Then there’s the toxic masculinity of physically attacking a person for using words. We all have our own ways of dealing with hecklers, and I’m not saying I wouldn’t want a guy to step in now and then. It’s nice to have an ally. But I do not need him to try to choke the guy. That’s not chivalry, that’s a need for some anger management courses. And it’s okay for your characters to do something ‘wrong’ as long as you call it out in the text. Make sure the reader knows that this person has some issues they need to deal with. Don’t just give reasons either. Like his past trauma ‘made him do it’. Everybody has reasons for what they do, but that doesn’t determine whether the actions are right or wrong.

Another example of toxic masculinity in novels is the guy physically directing the girl’s body in a way she does not want. She tries to walk away, but he grabs her and turns her around, holds her arm in a vice-like grip so she can’t leave, and she knows she’ll have bruises tomorrow. (Swoon! How romantic!)

Um, no.

I’m not a particularly violent person but I’m pretty sure my reaction to any guy laying hands on me when I’m trying to get away because I’m hurt or angry would be a solid right hook. Let me say it loud so everyone can hear me in the back row: THERE IS NOTHING ROMANTIC ABOUT A GUY FORCING A WOMAN TO DO ANYTHING!

Which also goes for the idea of a guy tickling, wrestling, or horsing around with a girl when she has said no (I’m looking at you Handbook). Yeah, I called someone out there. My bad. But I really, really hate this when I see it in books. I realize it’s not triggering or a problem for everyone, and there are instances when a consensual tickle fight is appropriate in a YA novel. It can be done well. But for some victims (in real life), this is how their rape started.

I’m not a rape victim, but I have serious problems with people touching me. Reading scenes like that takes me back to the helplessness and revulsion I felt as a child when adults would do this to me, no matter how many times I said stop. They didn’t understand how upsetting it was because they were ‘just playing’. But it wasn’t just playing to me. It was an egregious violation of my space. It still haunts me.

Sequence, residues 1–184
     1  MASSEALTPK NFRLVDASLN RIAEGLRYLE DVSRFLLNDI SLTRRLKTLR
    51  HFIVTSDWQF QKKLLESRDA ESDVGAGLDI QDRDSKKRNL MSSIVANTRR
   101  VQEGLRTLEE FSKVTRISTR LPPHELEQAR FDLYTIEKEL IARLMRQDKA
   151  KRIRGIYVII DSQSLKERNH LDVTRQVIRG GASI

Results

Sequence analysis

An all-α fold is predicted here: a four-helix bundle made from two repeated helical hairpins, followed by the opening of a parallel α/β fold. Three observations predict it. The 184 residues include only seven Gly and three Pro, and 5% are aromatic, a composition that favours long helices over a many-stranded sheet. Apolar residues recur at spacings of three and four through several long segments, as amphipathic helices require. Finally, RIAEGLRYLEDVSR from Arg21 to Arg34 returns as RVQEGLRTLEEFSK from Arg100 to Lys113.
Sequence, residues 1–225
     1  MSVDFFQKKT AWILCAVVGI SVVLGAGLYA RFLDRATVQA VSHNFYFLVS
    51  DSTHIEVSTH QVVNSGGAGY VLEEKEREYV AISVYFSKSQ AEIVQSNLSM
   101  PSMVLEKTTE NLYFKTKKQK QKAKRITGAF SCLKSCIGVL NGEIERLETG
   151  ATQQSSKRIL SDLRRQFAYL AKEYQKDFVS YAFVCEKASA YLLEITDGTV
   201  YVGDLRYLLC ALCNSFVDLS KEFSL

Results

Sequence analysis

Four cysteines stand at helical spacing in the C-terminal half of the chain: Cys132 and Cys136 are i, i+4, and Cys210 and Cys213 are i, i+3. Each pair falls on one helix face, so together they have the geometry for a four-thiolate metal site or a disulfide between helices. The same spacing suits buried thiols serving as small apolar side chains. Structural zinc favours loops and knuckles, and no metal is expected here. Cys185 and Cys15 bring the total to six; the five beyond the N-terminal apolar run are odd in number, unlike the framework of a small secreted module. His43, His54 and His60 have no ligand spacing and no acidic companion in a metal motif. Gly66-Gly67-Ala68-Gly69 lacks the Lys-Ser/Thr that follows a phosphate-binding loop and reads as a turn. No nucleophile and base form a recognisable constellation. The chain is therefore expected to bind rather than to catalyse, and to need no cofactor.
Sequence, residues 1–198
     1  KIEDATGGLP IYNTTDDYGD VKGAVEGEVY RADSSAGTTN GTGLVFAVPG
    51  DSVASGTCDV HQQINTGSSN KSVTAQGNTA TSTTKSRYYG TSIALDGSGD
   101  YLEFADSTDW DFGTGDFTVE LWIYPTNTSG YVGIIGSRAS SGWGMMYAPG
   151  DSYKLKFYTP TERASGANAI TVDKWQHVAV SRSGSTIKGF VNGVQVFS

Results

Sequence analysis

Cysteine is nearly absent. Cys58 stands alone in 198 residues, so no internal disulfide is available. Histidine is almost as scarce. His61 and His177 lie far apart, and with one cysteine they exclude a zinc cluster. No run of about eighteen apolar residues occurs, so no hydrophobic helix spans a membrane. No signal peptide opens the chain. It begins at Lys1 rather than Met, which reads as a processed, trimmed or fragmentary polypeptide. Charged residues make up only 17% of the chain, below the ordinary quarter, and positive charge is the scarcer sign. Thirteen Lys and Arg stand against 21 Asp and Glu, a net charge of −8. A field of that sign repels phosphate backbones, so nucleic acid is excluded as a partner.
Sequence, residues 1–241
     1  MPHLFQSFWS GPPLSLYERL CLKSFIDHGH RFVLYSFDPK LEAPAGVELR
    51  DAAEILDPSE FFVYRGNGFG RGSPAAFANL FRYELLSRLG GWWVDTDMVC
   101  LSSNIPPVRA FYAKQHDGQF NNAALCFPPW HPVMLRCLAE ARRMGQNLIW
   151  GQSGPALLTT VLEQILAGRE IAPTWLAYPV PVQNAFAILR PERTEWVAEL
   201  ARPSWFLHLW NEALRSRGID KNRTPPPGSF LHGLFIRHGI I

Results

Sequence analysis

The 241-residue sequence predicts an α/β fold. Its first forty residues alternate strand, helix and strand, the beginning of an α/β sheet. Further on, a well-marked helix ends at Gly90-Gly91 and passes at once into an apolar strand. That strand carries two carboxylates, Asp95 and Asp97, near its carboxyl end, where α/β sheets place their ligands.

No means no, people! Let’s make sure our readers know that.

Lastly, I want to talk about the Poor Girl/Rich Guy Trope. This is another one that sets up the guy to ‘save’ the girl. Or even if he isn’t providing her with monetary rescue (with teens, it’s not like they’re getting married and moving into together) she still gets to ride in his expensive car, go on expensive dates, receive expensive gifts, be the envy of every girl because she got him. It’s kind of gross. It’s not fun to feel like a guy has an advantage over you or maybe you owe him because he contributes monetarily more than you do. I’m speaking from experience. And though my husband has never seen our relationship in that kind of light, as an independent woman it was one of the hardest things for me to adjust to. Especially when I stopped working to take care of the kids. I don’t think we want to set-up the narrative that we need a man to ‘save’ us from financial obscurity. I’d much rather show them how to do it themselves.

I think what we need to do as authors is ask ourselves some questions when we write these scenes: Why does my character need to be ‘saved’ right now? Why in this way? Why can’t she save herself? Is this fantasy and wish-fulfillment for me, or am I developing this character in an organic way that makes sense for the story? What am I teaching teens about life and how to react to it in this scene?

You would be astounded by the number of times Chris Evans has saved me in my imagination, but that’s not what I want to write. I want to write about a guy and a girl (or a girl/girl, guy/guy, any combination with enby, etc.) saving each other. I want to portray complex relationships with good and bad moments and not perfect reactions from everybody involved. I want strong girls who cry and weak girls who fight. I want quiet girls who get loud when they need to and loud girls who learn to listen. But most of all I want to show my readers that they don’t have to be perfect, but they can take care of themselves.

Author’s Note: Most of this applies to a female in the position of weakness and the male in a position of power, but it can very easily be applied to other situations switching the roles of the male, the female, or enby person. Though I wrote it strictly as female/weak, male/power, please keep in mind with your writing how changing the roles affects your characters and the narratives you are developing.

Other posts in this series:

Problematic YA Tropes: Stereotypes

Problematic YA Tropes: ‘Not Like Other Girls’ and Perfect LI’s

Problematic YA Tropes: Lazy Foils